Tuesday was a rainy day in Munich, so we took in the Deutsches Museum, an awesome monument to technology and the role of Germany in creating the world we live in now. When we arrived the students went into the first room and I went to use the toilet. I didn’t see any of them again until our arranged meeting time three and a half hours later. None of us were hiding, the museum is that immense!
Visiting the museum really helped me put into context the age we are living in, and how it marks the transition of one kind of society to another. We are leaving the machine age and entering the digital age!
I’ve never been to a museum with so many parts and sometimes full airplanes and cars on display, including jet engines, models of different types of planes, smaller plans parked or hanging from a ceiling. They also had a full display of wooden ships, both models and a full size fishing ship.
Yet more interesting to me is getting a sense of how technology has changed lives. There was an entire display on the printing press, including a replica of Gutenberg’s original, how it was improved on over the years, different styles, linotype machines, up to modern digital methods. There was an exhibit on film and camera, with hundreds of cameras up to modern digital cameras there. Kitchen equipment, electric generators, motors of all sorts, musical instruments, metallurgy, mining, tunnel building, toys, nano and bio technology, oil and gas, energy in general, space flight, glass blowing, genetic research, industrial machinery, tools, optics, atomic physics, pharmaceuticals, ceramics, astronomy, telecommunications, agricultural technology, radios…and more (even Zeppelins!)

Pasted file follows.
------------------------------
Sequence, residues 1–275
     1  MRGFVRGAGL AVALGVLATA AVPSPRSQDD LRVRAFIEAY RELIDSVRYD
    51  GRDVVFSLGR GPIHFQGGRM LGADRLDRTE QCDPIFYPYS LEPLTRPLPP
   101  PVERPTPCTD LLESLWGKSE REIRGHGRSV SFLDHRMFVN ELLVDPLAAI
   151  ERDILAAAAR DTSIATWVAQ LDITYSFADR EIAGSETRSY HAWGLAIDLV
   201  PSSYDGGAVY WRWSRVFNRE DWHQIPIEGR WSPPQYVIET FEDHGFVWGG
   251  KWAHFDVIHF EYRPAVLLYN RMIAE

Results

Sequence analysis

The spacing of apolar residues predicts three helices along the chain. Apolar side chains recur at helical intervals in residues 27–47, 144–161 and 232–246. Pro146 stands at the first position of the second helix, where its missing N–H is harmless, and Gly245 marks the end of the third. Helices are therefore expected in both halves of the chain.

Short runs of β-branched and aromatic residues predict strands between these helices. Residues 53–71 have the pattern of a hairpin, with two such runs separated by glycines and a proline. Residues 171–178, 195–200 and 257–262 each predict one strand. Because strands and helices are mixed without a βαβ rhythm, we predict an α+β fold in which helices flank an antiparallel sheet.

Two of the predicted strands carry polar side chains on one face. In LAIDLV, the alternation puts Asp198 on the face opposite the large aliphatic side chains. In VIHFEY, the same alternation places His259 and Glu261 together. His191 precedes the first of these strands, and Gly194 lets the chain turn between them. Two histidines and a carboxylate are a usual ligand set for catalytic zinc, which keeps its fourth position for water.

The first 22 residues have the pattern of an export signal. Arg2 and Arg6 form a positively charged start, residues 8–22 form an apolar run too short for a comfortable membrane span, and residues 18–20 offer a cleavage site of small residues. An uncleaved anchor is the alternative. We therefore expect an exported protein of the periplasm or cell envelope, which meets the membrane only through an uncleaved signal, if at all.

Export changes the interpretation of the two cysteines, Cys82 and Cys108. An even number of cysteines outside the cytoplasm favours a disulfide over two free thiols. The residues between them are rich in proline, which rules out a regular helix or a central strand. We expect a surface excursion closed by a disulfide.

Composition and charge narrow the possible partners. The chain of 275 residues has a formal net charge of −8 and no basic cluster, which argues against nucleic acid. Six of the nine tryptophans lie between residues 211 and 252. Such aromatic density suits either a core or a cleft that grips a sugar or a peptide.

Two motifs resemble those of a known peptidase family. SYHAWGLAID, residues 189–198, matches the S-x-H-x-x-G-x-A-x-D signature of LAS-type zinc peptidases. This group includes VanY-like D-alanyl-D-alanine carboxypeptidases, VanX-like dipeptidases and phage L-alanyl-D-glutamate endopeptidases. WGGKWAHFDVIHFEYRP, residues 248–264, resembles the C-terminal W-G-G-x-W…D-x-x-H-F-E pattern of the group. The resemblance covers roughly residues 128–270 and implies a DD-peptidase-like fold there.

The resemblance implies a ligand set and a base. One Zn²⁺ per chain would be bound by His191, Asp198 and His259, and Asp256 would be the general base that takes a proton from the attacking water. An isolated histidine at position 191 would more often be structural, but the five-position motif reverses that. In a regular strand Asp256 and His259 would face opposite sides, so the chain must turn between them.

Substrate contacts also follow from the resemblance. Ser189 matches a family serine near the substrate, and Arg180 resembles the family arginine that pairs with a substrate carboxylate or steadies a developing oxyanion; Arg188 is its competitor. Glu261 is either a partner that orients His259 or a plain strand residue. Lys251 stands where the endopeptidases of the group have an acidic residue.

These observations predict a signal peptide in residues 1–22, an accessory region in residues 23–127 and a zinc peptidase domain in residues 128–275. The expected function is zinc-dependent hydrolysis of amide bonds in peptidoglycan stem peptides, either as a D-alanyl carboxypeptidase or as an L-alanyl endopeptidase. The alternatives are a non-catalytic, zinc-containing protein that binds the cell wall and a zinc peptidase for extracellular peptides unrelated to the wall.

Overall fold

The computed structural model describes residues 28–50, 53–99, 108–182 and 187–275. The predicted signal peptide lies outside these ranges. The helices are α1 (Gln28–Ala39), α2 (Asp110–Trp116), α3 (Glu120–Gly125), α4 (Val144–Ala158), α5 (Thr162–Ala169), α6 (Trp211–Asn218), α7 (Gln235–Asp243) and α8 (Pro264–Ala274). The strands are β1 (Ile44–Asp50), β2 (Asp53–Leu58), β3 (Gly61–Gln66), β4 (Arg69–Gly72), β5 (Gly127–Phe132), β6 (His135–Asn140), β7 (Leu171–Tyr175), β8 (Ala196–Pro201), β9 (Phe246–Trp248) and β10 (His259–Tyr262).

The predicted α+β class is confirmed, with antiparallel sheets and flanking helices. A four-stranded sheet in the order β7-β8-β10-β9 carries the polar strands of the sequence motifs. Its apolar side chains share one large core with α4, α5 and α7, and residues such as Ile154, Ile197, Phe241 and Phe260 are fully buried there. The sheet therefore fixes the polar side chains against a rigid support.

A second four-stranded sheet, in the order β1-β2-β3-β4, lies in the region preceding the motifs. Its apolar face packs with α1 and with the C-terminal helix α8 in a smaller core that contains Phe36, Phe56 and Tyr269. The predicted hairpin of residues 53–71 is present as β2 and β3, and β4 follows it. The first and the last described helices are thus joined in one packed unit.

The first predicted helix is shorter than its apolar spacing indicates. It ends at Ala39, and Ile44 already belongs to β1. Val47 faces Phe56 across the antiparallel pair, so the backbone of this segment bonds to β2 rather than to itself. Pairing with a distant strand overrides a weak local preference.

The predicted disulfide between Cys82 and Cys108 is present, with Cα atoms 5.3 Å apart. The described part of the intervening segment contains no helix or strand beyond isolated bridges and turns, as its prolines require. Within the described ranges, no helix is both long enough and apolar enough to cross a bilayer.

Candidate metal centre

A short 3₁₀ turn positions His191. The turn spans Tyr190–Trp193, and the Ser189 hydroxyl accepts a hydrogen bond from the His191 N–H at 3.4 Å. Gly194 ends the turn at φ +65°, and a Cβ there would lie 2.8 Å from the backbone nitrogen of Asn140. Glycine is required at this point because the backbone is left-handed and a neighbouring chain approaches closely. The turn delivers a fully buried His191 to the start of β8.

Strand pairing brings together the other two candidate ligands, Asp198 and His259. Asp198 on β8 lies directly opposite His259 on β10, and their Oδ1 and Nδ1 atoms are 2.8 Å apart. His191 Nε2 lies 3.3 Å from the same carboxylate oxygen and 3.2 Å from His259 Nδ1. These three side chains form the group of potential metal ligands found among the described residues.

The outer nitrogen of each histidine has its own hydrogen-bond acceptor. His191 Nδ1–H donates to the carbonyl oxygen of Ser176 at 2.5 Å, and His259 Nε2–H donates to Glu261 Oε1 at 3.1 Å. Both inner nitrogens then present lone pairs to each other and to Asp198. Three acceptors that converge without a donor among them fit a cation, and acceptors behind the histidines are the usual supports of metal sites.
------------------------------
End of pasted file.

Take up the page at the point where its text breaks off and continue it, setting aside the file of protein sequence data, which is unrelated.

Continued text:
I thought I was perhaps pushing it when I told the students to meet back in three and a half hours – I’ve seen students “do” the Uffizi in Florence in 20 minutes. Yet this was so massive you couldn’t do it properly spending the whole day.
Each of these eras had its own cultural and political structure. From the cottage textile weavers to the first factories, both politics and every day life changed dramatically as technology improved. I imagined the huge factories of the mechanical era. Or accountants working with mechanical calculators, so large and complex. The era of machines!
There was a model of the DC Douglas plane that formed the first fleet of Pan Am jets, which could go from New York to Frankfurt in 13 hours.
Looking at the first cars — some really attractive models were produced by auto companies in the 1920s — innovative, often strange, showing that there was not yet a standard design for cars.
Now we’re in the digital era, even the electronic equipment (record players, radios, etc.) was obviously from a different time. In fact, one can put a date on it. For most (but not all) the exhibits the 1980s marked the start of a shift to technology driven by our vastly expanding computer and information technology.
We’re at the start of a change that will have as dramatic an impact on our lives as the rise of industrial era had. It will change politics, culture and life in ways we can only imagine (and much is outside what we now are likely to imagine!)
And that’s probably a good thing. The era of the machine needed vast quantities of power to reshape the world. With oil running low and concerns about global warming, how we get the energy to run whatever world will emerge will have to be different. But seeing the range of innovations of the past, created often as solutions to problems of their times, I end up optimistic that the era just beginning will be better than the one just ending.